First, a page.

2003-08-15 / Front Page

Harry Brought ‘Em Up On

The Beach
By Brian Magoolaghan
Harry Brought ‘Em Up On The Beach By Brian Magoolaghan


HARRY McVEETYHARRY McVEETY

A special opportunity exists for lifeguards in Rockaway. In addition to making rescues some become part of the community they help keep safe. That’s what 71-year-old Harry McVeety, who retired last week, achieved in Belle Harbor.

"He actually brought up our kids on the beach," said Marjorie McClean as she sat on Beach 127 Street with her friends, mother-and-daughter Christine Brunner and Kathleen McIvor, this week.

In the early 1980s more than 100 neighborhood children could be found at the beaches between Beach 129 and 126 Streets, McClean said.

"Harry knew them all by name and every single kid knew him," McClean recalled. Harry encouraged the children to keep the beach clean and would remind them how long it takes for litter to biodegrade, she said.

"He ran a tight beach," said McIvor, who was one of those kids Harry helped protect.

"We always felt safe because he was there," said McClean adding that Harry never took his eyes from the water.

Last Friday was Harry’s final day on the tower. Friends gathered at Beach 112 Street to wish him well and present him with a plaque. City Councilman Joseph Addabbo, Jr. also gave Harry a certificate of recognition for his enduring "dedication to a lifesaving job."

Harry’s 39-year career as a lifeguard began in the New York City pools. He guarded in Jones Beach for four years before eventually making his way to Rockaway—but he tells great stories of his years in between.

Harry told The Wave he studied at the American Academy of Dramatic Arts with Robert Redford, worked as an encyclopedia salesman and was a Texas television personality. One day, while in between jobs, he said he found himself in Rockaway with his son. When Harry went in the ocean, his son approached a nearby lifeguard to see if he could get his dad a job. Harry, who would go on to lifeguard in Rockaway for almost 30 years, laughed heartily as he retold the story.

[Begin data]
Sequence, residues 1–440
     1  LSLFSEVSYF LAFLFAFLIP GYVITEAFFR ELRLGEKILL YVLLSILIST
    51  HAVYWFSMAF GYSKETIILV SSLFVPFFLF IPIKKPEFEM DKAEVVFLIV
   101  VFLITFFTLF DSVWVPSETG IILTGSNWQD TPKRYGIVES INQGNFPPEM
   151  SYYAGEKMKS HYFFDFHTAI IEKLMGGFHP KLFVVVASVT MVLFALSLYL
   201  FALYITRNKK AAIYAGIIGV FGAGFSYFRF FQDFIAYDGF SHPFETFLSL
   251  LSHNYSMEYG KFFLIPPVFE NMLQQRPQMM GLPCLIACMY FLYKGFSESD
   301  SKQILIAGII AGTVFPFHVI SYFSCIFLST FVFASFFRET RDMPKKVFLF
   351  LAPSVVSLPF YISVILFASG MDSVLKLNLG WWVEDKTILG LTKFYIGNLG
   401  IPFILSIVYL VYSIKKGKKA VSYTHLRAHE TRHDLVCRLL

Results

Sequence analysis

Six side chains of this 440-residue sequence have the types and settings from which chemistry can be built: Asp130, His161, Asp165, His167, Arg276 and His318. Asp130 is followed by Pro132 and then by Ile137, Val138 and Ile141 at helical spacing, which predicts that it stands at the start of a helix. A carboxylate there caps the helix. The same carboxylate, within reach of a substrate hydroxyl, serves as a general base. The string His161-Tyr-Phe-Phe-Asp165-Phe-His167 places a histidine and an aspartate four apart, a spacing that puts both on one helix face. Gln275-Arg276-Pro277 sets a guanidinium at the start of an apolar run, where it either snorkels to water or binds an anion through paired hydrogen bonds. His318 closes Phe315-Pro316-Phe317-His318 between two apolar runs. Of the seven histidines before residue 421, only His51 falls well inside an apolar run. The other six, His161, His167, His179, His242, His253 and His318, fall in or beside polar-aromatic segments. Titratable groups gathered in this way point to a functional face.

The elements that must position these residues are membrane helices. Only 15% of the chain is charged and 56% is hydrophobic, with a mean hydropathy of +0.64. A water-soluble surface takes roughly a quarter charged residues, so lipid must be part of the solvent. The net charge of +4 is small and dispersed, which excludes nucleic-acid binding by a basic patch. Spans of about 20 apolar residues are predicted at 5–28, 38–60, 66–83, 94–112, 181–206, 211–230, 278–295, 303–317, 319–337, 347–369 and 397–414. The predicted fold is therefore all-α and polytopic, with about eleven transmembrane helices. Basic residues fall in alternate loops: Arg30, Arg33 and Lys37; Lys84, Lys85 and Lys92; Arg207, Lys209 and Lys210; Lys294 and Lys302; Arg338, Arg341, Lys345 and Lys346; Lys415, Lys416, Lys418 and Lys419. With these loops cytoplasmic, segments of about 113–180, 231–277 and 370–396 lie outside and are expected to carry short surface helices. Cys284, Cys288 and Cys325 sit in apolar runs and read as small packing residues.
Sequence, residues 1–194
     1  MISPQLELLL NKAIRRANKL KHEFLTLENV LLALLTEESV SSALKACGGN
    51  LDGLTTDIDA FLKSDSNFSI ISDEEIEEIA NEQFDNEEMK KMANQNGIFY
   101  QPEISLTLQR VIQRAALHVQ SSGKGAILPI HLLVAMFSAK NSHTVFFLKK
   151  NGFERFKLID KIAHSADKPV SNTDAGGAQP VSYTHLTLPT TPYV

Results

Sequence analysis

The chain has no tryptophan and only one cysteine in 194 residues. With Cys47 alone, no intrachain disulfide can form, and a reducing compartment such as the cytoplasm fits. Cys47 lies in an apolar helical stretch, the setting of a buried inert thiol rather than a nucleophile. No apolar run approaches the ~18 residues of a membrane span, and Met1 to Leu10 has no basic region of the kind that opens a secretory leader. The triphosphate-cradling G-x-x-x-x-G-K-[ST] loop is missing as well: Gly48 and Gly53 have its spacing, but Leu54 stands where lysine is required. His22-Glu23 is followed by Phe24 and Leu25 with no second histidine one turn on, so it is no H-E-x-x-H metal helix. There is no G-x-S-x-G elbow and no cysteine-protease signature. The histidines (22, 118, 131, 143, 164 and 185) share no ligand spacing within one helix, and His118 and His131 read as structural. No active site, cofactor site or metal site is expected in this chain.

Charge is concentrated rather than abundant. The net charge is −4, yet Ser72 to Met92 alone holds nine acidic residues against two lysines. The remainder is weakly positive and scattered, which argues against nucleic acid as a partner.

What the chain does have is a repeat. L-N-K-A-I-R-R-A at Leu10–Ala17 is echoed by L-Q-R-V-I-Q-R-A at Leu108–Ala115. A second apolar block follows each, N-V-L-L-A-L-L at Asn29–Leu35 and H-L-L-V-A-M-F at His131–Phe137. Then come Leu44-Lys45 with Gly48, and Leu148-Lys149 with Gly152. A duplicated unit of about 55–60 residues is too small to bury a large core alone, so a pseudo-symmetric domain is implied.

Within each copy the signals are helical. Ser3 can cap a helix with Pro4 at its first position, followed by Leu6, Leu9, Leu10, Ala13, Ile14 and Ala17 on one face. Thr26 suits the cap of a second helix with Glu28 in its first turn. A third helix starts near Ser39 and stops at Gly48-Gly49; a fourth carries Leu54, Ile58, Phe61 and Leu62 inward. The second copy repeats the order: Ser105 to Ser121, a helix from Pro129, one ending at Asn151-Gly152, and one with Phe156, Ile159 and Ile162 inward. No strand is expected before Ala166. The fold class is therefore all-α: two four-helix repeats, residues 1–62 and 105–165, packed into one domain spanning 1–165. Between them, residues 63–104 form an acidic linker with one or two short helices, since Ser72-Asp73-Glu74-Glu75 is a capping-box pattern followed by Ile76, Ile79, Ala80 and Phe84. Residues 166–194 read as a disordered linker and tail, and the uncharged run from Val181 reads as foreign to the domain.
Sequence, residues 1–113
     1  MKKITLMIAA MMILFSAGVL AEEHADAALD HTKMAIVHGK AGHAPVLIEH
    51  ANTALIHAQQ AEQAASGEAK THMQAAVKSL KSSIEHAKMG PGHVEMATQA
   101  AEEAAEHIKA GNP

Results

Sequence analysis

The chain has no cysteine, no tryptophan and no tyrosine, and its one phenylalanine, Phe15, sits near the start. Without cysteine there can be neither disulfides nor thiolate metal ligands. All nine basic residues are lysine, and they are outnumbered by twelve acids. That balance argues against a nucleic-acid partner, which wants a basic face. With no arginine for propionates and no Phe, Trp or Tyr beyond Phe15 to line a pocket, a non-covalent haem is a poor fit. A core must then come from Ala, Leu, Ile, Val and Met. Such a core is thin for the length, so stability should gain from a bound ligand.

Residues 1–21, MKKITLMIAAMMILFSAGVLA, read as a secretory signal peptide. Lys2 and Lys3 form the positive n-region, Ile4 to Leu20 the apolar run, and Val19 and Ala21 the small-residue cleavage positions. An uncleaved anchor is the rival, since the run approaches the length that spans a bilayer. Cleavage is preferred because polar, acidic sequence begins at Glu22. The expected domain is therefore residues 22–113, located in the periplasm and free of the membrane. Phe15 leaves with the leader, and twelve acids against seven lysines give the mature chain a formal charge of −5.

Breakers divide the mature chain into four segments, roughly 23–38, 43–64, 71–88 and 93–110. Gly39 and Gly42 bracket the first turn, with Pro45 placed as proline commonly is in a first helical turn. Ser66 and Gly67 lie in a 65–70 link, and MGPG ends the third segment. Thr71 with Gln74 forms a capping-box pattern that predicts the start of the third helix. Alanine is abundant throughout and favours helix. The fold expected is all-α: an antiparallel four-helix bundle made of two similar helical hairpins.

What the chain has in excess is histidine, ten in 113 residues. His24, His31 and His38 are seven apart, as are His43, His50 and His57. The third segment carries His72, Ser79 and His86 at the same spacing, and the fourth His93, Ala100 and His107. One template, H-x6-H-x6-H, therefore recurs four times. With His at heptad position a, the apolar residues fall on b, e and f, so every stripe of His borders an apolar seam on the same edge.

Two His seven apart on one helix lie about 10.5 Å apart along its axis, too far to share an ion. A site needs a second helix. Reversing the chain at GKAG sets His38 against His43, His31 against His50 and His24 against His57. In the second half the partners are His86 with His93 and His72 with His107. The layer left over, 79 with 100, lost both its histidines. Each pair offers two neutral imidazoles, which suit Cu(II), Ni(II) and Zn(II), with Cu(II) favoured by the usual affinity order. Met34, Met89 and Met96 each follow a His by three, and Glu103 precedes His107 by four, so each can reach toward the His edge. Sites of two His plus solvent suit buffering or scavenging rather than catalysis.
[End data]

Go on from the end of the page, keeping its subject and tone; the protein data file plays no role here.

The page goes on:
For each year he sat the tower Harry estimated he made 50 rescues, a total of about 2,000. But years of springing off his perch down to the sand, in rescue mode, has caught up with his body. As he sat, last week, on Beach 112 Street, where he was reassigned two years ago, he told of his "unsuccessful" knee surgery. He said he feels a few seconds slower getting to the water and through the breakers.

Although his days of being dressed head-to-toe in orange, Harry, who lives in Coney Island, said he will work "crew" (end of season maintenance) at the end of the summer. After that he plans to continue his other job—working as a factory representative and distributor for an air purification company. But it seems the memory of Harry, the attentive and trusted lifeguard, will not be forgotten around Beach 127 Street where he guarded for 27 years.

"Now that our kids have their babies we miss him," McClean said, "he was just the best."


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